A few weeks ago, I was reading an interview with Kapka Kassabova (author of Border: A Journey to the Edge of Europe), where she tells LitHub that the best book she read this year was "The Gate by François Bizot, which I picked up while in Cambodia. Like all truly great political writing, it is forever enlightening. It leaves you stunned and changed. I urge everyone to read it, especially at this point in time." I was immediately sold.
Bizot, I learned, was the only Western Khmer Rouge prisoner to be freed. Before you go on, a quick history lesson: the Khmer Rouge = Cambodian communists; perpetrated the Cambodian genocide; victorious in the Cambodian Civil War.
Bizot - an anthropologist fluent in Khmer, French & English - traveled to Cambodia to study Buddhism. He married a Cambodian woman and had a daughter named Hélène in 1968. In October 1971, the Khmer Rouge captured Bizot (French) and his two colleagues (Cambodian). The Khmer Rouge charged Bizot of being a CIA agent and imprisoned him; at the prison camp, Bizot was kept separate from the other prisoners and chained to a post, with two chickens as his companions. Each day, he freely spoke with the camp's leader / was interrogated by the camp's leader, Comrade Duch. Bizot and Duch's unlikely friendship -- friendship may not be the right word, perhaps mutual respect -- contributed to Bizot's release; Duch eventually convinces the Khmer Rouge leadership of Bizot's innocence. Bizot is freed after three months. Duch would go on to be the chief of the infamous prison Tuol Sleng, Pol Pot's secret prison, where an estimated over 20,000 were killed. This is the heart of The Gate: "This terrible man was not duplicitous. All he had were principles and convictions: he was a pure, fervent idealist." As The Guardian aptly points out, "it was Duch's idealism which saved Bizot's life, and that it was Duch's idealism which also led to the death of so many people at Tuol Sleng."
As Bizot writes in a New York Times piece titled "My Savior, Their Killer": (to give you a sense of his writing style):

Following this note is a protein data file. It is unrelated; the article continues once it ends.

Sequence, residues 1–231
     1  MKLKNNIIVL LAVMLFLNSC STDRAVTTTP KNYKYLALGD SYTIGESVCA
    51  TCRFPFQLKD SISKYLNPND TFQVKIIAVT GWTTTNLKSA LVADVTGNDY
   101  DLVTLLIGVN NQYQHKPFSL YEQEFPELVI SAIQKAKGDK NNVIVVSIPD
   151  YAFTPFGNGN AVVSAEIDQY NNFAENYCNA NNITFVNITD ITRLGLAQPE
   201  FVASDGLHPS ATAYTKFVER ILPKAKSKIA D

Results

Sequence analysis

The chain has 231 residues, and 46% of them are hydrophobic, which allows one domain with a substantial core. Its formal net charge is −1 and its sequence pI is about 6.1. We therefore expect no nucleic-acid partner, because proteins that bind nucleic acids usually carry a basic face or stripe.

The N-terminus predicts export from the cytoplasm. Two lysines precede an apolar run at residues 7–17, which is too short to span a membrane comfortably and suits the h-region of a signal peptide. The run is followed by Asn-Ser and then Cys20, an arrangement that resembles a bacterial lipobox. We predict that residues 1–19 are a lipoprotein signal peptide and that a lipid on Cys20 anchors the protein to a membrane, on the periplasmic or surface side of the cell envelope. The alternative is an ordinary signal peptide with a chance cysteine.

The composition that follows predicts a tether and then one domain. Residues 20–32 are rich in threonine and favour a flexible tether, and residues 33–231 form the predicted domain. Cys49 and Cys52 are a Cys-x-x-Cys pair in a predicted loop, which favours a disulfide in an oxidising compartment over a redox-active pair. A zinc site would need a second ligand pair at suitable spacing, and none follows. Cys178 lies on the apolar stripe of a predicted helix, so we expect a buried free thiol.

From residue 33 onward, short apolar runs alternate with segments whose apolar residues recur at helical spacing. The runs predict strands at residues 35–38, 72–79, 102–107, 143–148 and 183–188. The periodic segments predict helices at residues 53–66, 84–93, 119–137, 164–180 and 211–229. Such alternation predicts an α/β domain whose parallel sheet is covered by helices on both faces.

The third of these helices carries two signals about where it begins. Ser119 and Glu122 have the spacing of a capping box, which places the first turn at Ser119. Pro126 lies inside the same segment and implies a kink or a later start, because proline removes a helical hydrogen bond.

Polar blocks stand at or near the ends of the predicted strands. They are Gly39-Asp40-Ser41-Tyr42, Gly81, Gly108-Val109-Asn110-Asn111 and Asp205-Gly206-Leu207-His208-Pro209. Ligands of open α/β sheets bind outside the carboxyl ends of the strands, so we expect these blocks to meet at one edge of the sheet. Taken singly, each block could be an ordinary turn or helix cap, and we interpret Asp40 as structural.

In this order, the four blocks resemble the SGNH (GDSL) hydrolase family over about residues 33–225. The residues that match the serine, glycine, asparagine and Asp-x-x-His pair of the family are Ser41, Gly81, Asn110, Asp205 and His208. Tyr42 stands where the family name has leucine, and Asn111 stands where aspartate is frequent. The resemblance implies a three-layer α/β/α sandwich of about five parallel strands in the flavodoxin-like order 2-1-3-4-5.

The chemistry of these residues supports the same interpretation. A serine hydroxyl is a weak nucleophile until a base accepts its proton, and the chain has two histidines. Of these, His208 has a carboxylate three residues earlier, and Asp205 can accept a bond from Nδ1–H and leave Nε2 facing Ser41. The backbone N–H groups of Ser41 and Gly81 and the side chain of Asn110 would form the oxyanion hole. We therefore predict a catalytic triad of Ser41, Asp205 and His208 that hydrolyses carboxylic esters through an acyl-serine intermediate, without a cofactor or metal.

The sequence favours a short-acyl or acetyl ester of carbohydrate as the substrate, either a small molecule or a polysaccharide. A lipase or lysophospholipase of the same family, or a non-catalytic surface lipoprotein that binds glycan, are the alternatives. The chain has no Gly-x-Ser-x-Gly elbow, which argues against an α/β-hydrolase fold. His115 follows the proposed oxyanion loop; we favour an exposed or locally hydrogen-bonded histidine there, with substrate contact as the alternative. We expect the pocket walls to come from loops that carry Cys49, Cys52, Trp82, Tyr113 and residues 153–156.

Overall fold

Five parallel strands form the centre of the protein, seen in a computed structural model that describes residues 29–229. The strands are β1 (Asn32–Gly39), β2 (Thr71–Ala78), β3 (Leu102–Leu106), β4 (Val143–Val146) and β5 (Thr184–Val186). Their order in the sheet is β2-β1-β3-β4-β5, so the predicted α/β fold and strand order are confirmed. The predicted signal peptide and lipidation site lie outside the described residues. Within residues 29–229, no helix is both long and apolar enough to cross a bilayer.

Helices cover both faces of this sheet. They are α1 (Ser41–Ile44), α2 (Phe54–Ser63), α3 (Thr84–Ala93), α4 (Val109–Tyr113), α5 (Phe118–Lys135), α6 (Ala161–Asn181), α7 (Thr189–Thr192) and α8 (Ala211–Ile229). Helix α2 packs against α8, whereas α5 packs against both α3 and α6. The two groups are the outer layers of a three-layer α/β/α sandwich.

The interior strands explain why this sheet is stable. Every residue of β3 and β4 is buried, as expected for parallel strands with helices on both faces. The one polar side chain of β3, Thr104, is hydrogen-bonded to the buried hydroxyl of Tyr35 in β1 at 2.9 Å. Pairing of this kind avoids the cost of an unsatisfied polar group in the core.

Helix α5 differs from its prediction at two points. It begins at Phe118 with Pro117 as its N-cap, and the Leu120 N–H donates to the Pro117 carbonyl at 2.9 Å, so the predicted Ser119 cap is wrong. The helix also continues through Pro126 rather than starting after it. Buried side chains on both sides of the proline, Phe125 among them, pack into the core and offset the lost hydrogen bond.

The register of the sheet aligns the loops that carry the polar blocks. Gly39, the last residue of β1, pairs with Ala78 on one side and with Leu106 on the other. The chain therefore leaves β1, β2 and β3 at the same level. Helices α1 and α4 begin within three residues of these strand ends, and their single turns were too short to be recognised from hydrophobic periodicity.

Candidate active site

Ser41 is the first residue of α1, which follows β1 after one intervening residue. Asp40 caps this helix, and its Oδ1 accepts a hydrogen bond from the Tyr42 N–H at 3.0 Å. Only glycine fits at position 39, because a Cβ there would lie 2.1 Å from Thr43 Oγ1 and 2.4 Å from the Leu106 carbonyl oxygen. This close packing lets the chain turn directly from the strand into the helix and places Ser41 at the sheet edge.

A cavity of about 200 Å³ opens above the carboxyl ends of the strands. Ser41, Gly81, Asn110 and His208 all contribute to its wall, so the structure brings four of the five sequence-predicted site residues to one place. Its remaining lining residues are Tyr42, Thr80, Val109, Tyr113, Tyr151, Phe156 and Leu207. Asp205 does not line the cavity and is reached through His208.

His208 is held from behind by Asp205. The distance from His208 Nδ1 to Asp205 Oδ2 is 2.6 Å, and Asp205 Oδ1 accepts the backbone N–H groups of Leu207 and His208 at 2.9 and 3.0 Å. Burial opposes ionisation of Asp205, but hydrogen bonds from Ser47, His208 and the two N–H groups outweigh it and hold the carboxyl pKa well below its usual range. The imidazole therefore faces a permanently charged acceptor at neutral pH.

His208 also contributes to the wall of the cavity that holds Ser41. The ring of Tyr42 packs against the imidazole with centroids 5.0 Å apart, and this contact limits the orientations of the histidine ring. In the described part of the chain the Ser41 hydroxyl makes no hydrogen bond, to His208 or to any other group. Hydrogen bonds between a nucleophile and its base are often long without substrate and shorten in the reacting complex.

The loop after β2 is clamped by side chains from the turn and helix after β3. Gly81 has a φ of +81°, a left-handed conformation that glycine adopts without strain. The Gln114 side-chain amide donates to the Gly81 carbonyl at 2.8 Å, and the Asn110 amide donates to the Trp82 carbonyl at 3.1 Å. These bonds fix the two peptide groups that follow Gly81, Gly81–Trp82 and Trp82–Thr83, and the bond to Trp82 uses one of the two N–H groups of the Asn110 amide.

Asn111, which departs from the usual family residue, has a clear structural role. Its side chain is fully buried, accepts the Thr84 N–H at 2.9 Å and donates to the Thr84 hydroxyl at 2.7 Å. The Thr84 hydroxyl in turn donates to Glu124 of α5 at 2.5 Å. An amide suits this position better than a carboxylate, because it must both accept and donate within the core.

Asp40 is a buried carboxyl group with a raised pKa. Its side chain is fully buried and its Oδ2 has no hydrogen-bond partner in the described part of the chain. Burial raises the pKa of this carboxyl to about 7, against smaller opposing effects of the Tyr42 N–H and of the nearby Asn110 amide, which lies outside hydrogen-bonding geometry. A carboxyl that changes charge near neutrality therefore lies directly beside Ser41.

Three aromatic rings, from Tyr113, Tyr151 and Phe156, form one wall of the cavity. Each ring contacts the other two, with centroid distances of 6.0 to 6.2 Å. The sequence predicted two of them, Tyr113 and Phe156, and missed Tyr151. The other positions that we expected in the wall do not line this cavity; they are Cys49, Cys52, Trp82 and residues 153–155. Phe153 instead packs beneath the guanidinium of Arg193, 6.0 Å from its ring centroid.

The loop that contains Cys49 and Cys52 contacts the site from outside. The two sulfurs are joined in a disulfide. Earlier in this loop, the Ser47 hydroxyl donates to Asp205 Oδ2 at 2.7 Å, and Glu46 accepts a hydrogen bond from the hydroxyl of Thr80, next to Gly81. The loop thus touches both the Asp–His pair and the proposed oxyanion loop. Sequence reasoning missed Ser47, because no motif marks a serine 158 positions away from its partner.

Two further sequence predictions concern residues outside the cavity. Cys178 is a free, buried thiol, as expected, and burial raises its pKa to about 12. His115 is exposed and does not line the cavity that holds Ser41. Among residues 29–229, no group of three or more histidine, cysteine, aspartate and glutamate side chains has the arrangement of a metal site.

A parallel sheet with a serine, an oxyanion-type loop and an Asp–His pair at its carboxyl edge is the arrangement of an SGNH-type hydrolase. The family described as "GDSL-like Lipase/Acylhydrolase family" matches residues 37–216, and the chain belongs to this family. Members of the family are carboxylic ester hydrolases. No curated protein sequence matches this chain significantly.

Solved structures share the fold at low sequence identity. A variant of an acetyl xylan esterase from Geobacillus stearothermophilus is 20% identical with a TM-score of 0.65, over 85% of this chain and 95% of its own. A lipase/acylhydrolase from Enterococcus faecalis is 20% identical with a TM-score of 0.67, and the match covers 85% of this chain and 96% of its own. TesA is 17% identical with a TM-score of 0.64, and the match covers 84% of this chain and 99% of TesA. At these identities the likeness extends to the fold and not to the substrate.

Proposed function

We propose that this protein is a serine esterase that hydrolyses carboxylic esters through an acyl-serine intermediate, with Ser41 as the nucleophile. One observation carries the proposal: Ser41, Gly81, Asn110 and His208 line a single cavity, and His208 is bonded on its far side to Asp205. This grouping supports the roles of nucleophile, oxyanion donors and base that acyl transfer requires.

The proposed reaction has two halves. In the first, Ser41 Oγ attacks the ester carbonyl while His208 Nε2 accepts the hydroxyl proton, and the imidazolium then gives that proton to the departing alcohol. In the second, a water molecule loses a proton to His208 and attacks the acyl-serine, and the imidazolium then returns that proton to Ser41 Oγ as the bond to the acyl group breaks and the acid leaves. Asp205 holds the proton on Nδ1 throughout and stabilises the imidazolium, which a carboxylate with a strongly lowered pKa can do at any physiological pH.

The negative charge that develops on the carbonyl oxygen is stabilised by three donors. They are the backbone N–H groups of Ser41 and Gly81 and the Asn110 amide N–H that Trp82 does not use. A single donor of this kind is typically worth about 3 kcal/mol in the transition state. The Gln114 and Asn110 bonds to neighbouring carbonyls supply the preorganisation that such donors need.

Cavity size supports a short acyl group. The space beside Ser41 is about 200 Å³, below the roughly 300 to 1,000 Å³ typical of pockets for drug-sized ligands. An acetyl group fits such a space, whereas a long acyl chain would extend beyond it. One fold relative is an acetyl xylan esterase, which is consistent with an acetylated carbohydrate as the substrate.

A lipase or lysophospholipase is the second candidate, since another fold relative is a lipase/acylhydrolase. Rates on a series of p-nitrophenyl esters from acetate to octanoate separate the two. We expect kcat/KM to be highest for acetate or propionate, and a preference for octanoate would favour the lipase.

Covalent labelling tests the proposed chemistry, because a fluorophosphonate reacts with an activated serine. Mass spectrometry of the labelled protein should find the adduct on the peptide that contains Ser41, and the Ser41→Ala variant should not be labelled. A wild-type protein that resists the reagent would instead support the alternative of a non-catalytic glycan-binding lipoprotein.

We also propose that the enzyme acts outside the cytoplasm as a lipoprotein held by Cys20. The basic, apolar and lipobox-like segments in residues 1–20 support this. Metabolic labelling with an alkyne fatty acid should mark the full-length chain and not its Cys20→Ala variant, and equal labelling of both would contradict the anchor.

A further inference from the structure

Duch was in charge of the jungle camp, both my jailer and my prosecutor. I was kept in chains and interrogated daily by him. Somehow, during the strange dialogue that began between us, he became convinced that I really was just a Frenchman who wanted to study Buddhist texts. Duch undertook to secure my release. My two Khmer assistants did not have the same good fortune: despite Duch’s promise to me, they were executed soon after I left the camp, as so many thousands were in the years to come under his meticulous supervision.
I did not see Duch again until 2003, in the military prison in Phnom Penh. Conditions there were rudimentary, but the general feel was not that of a jail. I remember that he had the same look of determination that he had had 32 years earlier, though the smile that he had occasionally flashed when he ruled over my fate was gone.
In the whirl of conflicting emotions provoked by seeing him again, I asked him: “How are things here? Is it all right?” Compelled to repeat the question, I felt its incongruity: the executioner was now on the other side of the gate, as I had foreseen in my dreams, in the place once occupied by his victims.
.... The genocide of the Khmer Rouge will be judged as a “crime against humanity,” a crime against ourselves. As such, Duch’s guilt exceeds his immediate victims; it becomes the guilt of humanity, in the name of all victims. Duch killed mankind. The trial of the Khmer Rouge should be an opportunity for each of us to gaze at the torturer with some distance — from beyond the intolerable cry of the suffering, which may veil the truth of the abomination. The only way to look at the torturer is to humanize him.
Bizot wrote The Gate wrote nearly 30 years after his experience in the Cambodian jungle. The second half of the story details when Bizot took refuge at the French embassy in Phnom Penh - and acted as translator/go-between for the Khmer Rouge and the foreign officials. The title takes its name from the gate of the embassy. Encouraged by John Le Carré to tell his tale, he writes as a release. At the end, he writes: ''I am purged of my ghosts, I have emptied my memory. I close 'The Gate' behind me.''